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REVIEW STRATEGY
Year : 2022  |  Volume : 1  |  Issue : 1  |  Page : 30-34

Cystic fibrosis: Mutations, modulators and microbiology


1 School of Medicine, Dentistry and Biomedical Sciences, The Wellcome-Wolfson Institute for Experimental Medicine, Queen's University, Belfast, Northern Ireland, United Kingdom
2 School of Medicine, Dentistry and Biomedical Sciences, The Wellcome-Wolfson Institute for Experimental Medicine, Queen's University; Laboratory for Disinfection and Pathogen Elimination Studies, Northern Ireland Public Health Laboratory, Belfast City Hospital; Northern Ireland Regional Adult Cystic Fibrosis Centre, Level 8, Belfast City Hospital, Belfast, Northern Ireland, United Kingdom

Correspondence Address:
Beverley Cherie Millar
Northern Ireland Public Health Laboratory, Belfast City Hospital, BT9 7AD, Belfast, Northern Ireland
United Kingdom
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Source of Support: None, Conflict of Interest: None


DOI: 10.4103/jpdtsm.jpdtsm_10_22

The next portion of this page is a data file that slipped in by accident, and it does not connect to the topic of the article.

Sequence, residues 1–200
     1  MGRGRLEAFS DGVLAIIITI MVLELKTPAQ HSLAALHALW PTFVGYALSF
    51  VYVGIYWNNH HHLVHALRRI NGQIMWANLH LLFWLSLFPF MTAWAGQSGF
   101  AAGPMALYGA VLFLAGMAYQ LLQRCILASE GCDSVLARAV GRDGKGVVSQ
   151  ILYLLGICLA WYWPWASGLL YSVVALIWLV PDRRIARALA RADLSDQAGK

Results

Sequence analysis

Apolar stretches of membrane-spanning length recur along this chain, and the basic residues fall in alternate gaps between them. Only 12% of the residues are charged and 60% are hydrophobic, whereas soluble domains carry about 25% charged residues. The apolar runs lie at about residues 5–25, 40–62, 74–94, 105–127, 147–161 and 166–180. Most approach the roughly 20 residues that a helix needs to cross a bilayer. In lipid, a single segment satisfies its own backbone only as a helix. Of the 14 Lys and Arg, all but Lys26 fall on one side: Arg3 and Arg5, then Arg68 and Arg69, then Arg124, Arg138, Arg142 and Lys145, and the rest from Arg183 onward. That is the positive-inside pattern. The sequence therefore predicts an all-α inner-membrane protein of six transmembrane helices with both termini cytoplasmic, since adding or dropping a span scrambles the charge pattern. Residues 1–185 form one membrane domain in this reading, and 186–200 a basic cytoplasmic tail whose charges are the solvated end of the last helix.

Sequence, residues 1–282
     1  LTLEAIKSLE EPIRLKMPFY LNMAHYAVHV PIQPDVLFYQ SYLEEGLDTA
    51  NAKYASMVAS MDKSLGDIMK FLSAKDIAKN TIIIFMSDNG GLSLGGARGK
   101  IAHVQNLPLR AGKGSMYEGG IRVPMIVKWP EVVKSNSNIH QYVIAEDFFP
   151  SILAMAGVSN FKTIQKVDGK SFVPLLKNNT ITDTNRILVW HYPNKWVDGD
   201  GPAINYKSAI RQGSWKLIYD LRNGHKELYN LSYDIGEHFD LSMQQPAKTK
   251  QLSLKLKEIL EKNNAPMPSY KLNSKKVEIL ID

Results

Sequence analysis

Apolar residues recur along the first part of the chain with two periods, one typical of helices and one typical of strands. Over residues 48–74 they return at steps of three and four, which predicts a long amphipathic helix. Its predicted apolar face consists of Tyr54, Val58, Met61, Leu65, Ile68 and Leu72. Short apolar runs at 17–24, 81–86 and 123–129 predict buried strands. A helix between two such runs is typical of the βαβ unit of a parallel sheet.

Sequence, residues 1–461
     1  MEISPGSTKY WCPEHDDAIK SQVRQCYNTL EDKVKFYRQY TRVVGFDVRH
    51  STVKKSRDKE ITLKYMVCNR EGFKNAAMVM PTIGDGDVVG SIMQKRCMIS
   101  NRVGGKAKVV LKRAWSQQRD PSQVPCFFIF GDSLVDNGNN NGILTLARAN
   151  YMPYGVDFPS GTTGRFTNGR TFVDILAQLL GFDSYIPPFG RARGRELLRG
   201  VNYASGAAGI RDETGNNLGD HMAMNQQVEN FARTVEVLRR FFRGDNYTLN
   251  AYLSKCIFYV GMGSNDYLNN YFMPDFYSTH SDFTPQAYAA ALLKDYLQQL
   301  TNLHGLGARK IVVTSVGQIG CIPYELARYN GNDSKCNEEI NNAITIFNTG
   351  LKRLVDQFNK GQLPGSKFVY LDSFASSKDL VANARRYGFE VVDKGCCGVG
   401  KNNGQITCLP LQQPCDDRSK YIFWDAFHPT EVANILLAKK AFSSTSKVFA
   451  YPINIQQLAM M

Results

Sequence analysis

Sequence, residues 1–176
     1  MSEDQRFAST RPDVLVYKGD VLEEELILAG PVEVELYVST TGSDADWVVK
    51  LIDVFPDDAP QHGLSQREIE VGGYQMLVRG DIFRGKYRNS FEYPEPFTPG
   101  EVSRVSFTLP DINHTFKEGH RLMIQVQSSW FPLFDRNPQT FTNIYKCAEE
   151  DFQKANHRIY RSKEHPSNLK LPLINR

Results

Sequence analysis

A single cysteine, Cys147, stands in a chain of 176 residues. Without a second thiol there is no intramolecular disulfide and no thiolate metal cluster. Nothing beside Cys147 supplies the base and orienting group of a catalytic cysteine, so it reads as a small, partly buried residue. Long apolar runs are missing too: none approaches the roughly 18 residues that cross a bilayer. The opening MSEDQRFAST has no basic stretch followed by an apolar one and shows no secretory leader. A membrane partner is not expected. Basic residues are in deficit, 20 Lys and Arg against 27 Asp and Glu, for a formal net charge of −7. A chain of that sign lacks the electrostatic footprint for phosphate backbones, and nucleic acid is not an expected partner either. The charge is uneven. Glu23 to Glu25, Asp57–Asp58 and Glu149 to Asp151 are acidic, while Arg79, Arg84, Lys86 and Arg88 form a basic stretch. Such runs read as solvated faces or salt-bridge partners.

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The last decade has witnessed an unprecedented arrival and introduction of several new innovations in the treatment and management of cystic fibrosis (CF), all for the benefit of people with CF (PwCF). Such innovations have been largely led by the CF transmembrane conductance regulator (CFTR) modulator medicines, which have also been accompanied by new antibiotics, nutritional formulations, as well as advances in the delivery of medicine through nebulization. Many of these have had an influence on the microbiology of the CF lung and the rebalancing of microbial taxa and cell density within the airways. Simultaneously, certain aspects of the new treatments have led to difficulties in PwCF being able to produce sufficient sputum to enable routine microbiological analyses to be performed. Coupled with this, the COVID-19 pandemic has accelerated the emergence of the virtual CF clinical, where individuals with CF do not have to physically travel to CF clinic as frequently as before, with the disadvantage of not producing sputum specimens for routine microbiological analyses. This review examines the interaction between CF mutations and CFTR modulators, with particular focus on CF microbiology.


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